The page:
12) Zarbo RJ, Visscher DW, Crissman JD: Two-color multiparametric method for flow cytometric DNA analysis of carcinomas using staining for cytokeratin and leukocyte common antigen. Anal Quant Cytol Histol 11: 391-402, 1989.

13) Garvy BA, Telford WJ, King LE, Fraker PJ: Glucocorticoids- and irradiation-induced apoptosis in normal murine bone marrow B lineage lymphocytes as determined by flow cytometry. Immunology 79: 270-277, 1993.


 Legends to figures.
Figure 1.

Light scatter analysis, membrane immunophenotyping and determination of DNA content in human whole peripheral blood leukocytes. Cells were stained with anti-CD3 (FL1) and anti-CD8 (FL2), and the fixed with (A) 2% formaldehyde, and (B) solution A.2. Left panels, DLS contour plots; right panels, FL1 and FL2 fluorescences.

Histograms show the 7-AAD fluorescence (FL3-area) of the cells fixed with the A.2 solution shown in panel B: (1) gate R4; (2) gate R5; (3) gate R6.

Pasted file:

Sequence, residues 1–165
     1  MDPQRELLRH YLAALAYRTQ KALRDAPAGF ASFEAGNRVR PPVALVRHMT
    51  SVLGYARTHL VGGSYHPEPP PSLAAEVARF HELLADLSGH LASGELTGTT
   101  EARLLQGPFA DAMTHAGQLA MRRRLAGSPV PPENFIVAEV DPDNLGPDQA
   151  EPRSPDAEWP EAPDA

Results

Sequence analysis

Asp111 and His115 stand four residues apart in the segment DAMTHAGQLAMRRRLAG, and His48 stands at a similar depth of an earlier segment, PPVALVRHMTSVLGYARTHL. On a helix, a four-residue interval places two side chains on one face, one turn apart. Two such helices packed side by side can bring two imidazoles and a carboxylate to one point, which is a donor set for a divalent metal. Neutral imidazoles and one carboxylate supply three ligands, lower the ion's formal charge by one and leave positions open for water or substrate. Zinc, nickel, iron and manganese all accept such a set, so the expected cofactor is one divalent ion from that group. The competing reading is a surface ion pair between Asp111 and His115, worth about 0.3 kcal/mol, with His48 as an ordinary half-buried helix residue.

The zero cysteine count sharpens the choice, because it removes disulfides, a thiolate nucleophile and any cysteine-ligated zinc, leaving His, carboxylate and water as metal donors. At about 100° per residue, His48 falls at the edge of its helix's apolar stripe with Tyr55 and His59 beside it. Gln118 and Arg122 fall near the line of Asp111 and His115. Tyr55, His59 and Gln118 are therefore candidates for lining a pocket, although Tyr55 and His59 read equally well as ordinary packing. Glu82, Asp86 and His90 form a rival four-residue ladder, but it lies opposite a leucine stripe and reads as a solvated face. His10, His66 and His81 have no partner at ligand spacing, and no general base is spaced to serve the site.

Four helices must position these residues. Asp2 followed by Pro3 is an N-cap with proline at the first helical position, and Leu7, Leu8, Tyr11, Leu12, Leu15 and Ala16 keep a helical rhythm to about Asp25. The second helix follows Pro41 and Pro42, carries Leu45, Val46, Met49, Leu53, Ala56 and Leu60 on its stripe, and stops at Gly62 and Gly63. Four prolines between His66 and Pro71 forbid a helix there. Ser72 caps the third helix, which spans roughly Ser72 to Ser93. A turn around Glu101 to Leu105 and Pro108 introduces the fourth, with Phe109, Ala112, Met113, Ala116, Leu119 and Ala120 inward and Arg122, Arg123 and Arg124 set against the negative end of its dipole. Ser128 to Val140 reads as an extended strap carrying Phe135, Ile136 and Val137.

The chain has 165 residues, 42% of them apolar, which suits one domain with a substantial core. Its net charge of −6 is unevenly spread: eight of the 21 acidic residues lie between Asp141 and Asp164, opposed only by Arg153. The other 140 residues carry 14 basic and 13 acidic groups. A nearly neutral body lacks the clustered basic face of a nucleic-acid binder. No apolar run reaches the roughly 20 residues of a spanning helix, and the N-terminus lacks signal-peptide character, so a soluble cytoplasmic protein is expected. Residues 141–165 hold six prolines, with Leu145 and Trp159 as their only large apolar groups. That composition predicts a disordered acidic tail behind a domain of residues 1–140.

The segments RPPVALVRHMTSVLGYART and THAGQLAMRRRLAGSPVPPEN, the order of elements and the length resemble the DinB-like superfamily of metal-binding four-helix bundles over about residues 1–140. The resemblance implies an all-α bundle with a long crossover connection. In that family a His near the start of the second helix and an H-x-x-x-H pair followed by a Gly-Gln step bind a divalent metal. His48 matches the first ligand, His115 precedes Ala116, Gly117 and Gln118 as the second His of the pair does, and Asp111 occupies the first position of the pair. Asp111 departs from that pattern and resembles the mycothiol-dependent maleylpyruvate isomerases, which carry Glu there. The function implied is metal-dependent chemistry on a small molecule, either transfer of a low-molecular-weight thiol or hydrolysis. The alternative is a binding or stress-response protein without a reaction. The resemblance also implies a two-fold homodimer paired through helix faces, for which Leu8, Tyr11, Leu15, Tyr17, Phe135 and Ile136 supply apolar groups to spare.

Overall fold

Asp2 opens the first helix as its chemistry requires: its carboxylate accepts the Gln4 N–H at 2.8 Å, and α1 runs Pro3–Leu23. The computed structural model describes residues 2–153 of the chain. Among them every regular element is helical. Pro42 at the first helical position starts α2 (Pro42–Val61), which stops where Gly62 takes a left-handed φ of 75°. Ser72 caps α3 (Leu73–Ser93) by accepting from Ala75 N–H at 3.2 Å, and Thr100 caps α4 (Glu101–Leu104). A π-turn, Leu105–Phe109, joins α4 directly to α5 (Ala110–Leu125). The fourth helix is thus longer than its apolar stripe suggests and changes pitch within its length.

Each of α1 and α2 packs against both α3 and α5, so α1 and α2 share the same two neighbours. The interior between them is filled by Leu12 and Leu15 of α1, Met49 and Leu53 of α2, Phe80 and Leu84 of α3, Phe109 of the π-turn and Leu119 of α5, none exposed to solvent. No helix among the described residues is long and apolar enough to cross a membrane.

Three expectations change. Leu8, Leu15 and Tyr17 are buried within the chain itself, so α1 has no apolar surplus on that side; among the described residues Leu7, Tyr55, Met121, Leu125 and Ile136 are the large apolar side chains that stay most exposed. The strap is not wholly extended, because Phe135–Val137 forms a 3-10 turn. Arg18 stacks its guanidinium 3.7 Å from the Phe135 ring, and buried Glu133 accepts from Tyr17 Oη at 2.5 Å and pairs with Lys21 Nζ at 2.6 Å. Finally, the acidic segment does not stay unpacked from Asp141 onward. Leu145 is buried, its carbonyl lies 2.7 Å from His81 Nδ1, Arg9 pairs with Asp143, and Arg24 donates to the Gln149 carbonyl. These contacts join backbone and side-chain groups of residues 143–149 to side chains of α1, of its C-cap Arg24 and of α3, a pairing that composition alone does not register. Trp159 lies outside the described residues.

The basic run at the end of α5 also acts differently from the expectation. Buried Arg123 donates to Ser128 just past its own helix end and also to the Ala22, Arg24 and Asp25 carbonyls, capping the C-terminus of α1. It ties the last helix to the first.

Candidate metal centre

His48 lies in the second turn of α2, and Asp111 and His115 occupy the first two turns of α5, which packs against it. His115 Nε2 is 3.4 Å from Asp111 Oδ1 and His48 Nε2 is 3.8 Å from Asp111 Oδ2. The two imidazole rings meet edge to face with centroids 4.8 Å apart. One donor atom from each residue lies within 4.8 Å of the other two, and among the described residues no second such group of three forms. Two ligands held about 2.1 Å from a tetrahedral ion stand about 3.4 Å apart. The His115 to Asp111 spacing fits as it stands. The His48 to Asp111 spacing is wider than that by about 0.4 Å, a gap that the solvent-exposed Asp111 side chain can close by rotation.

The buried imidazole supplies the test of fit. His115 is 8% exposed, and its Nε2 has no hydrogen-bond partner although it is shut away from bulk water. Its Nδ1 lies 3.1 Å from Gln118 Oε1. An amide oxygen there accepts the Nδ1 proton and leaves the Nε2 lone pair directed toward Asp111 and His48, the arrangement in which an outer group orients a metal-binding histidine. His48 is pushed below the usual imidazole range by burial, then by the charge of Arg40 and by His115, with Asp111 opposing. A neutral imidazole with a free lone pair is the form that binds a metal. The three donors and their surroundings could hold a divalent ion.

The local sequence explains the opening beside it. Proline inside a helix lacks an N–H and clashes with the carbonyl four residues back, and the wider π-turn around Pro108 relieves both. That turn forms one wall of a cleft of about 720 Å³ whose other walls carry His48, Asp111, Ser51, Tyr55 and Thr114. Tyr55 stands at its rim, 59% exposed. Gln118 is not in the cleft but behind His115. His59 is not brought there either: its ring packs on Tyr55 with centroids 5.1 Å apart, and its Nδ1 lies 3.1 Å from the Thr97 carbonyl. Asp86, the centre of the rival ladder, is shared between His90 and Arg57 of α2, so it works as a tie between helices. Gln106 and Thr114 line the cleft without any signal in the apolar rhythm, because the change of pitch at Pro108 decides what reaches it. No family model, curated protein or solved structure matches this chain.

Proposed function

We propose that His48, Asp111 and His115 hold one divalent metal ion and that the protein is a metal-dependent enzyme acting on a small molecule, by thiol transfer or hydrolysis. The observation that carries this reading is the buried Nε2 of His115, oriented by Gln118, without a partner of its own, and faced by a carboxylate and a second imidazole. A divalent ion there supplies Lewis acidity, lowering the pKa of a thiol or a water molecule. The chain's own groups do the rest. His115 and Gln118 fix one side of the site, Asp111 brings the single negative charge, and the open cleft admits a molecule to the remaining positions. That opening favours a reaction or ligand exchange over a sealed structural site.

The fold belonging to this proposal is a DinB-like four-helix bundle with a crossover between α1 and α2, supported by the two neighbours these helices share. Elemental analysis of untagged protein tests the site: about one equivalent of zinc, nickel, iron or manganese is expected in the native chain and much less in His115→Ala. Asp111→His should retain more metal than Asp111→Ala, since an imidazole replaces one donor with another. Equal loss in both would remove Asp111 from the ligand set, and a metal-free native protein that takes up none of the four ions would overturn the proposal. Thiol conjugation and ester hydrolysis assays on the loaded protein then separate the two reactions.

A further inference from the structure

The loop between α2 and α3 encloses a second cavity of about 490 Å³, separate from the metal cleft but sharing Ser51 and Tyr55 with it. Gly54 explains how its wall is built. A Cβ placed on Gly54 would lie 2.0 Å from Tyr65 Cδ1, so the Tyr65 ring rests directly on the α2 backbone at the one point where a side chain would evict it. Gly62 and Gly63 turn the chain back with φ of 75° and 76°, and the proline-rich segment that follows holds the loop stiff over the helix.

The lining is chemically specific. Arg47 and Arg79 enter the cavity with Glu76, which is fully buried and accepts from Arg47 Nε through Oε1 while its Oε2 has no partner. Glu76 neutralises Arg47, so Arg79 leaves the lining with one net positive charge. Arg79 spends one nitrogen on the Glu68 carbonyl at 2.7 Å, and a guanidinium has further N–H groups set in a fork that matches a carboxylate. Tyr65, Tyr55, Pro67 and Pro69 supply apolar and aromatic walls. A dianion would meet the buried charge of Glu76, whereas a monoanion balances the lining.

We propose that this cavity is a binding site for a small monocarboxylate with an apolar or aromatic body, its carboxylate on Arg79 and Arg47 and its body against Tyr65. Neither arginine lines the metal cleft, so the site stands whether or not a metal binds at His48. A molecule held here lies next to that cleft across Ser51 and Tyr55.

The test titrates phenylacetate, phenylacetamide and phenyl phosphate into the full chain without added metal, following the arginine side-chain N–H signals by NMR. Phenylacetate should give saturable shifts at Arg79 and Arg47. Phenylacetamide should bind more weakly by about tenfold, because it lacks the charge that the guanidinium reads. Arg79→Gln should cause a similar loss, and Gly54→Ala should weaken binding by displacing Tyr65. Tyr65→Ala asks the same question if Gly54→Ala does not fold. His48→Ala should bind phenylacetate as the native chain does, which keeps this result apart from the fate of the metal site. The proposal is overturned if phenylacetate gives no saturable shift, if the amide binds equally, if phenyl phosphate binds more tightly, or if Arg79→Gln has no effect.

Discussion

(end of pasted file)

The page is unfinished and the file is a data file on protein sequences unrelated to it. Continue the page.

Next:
Figure 2.

Differential ight scatter (DLS) analysis (upper panels) and determination of DNA content (lower panels) in unfixed or fixed rat thymocytes.

(A) Unfixed cells. (B) Cells fixed with the protocol of Telford et al. (Ref. 7). (C) Cells fixed with solution A.2. (D) Cells treated with lysing solution and then fixed with A.2 solution.

Figure 3.

Membrane permeability, cleavage of DNA (TUNEL assay) and DNA content (staining with 7-AAD after fixation with A.2 solution) in rat thymocytes induced to apoptosis by 24-hour in vitro culture.

(A) Light scatters of unfixed cells. (B) Plasma membrane permeability to 7-AAD. (C) Negative control of TUNEL assay (tdt omitted) in cells permeabilised with A.2 and stained with 7-AAD for DNA content. (D) Positive control of TUNEL assay (tdt included) in cells permeabilised with A.2 and stained with 7-AAD for DNA content.

Figure 4.

Rat thymocytes induced to apoptosis by 24-hour in vitro culture.

(A) Light scatters and (B) percent of TUNEL-positive cells (M1, 23%; overlay histogram with the negative control without tdt) in a TUNEL assay performed according to the manufacturer's instructions.

(C) Frequency of hypodiploid cells by the assay of Telford et al. (ref. 7).

(D) DNA staining in cells fixed with solution A.2.

(E) DNA staining in cells treated with lysing solution and then fixed with solution A.2.




Figure 2

Figure 3

Figure 4